Tonight, version 9.2 of the firmware for the Surge has trickled out, and we can confirm that the activity tracker now syncs directly with Windows Phone 8.1 devices. The update requires version 1.5 of the Windows Phone app along with an updated Surge.
If you are lucky enough to have procured the rare Surge, the easiest way to update the new firmware is via PC and the Fitbit desktop sync software. Updating should take around 5-10 minutes. Although Fitbit did not mention Windows Phone compatibility, we have confirmed it with our Lumia 1520. In addition, the new firmware also addresses numerous other issues, including:
- Fixed an issue where runs or exercises being tracked at midnight (when the tracker resets) weren't displaying correctly.
- Fixed an issue with inflated steps and calories during runs.
- Improved GPS stability.
- Improved battery-level accuracy.
- Fixed an issue where occasionally the tracker wasn't turning on after a shutdown.
As of now, notifications and music controls do not yet work for Windows Phone users. However, support for notifications is actively being worked on and should come first, followed by music controls later perhaps early next year. As of now, Windows Phone users can sync, change clock faces, and alter exercise shortcuts through Settings.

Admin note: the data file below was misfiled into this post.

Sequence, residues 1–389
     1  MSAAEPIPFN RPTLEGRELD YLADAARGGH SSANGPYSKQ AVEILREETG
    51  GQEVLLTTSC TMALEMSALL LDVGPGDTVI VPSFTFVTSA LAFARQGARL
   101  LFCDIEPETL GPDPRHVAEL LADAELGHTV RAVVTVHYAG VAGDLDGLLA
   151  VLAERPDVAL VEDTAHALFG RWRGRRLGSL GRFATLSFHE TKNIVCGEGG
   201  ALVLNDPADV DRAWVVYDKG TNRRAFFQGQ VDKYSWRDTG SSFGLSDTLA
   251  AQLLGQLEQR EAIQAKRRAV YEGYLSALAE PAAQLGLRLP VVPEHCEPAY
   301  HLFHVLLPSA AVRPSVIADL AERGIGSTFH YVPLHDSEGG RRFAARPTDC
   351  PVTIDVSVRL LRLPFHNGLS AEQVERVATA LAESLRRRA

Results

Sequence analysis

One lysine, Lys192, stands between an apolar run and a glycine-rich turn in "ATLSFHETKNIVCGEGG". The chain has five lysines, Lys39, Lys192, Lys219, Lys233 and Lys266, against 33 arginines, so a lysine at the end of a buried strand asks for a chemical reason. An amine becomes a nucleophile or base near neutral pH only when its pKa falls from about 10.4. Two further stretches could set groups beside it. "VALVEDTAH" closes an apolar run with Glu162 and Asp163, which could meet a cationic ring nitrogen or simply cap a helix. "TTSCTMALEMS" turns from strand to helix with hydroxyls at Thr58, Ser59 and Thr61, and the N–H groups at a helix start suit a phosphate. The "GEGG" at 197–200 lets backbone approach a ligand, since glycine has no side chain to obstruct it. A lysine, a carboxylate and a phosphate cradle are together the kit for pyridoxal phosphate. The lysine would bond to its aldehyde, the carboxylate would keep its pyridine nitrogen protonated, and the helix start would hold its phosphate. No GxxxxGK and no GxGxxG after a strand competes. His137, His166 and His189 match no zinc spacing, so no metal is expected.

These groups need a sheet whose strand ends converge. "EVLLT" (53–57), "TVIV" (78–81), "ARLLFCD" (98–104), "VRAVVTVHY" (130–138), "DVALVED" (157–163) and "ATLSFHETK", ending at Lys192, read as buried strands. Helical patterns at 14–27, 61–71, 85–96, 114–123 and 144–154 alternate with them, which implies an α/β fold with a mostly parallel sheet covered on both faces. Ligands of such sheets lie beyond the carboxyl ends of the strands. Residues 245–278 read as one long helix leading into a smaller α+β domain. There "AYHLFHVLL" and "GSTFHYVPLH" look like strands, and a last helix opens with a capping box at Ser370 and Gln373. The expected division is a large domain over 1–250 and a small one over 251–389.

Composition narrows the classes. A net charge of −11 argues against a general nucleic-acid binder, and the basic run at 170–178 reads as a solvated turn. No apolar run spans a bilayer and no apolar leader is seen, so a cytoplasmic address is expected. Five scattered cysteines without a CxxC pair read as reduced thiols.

Syncing with Windows Phone and the Surge is still a bit finicky, but even on iOS and Android there are some minor syncing issues as well. Presumably Fitbit will improve things as mass production begins to ramp up in 2015. Either way, it is great to see it all working and in action ahead of schedule.
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Daniel Rubino is the Editor-in-chief of Windows Central. He is also the head reviewer, podcast co-host, and analyst. He has been covering Microsoft since 2007, when this site was called WMExperts (and later Windows Phone Central). His interests include Windows, laptops, next-gen computing, and watches. He has been reviewing laptops since 2015 and is particularly fond of 2-in-1 convertibles, ARM processors, new form factors, and thin-and-light PCs. Before all this tech stuff, he worked on a Ph.D. in linguistics, watched people sleep (for medical purposes!), and ran the projectors at movie theaters because it was fun.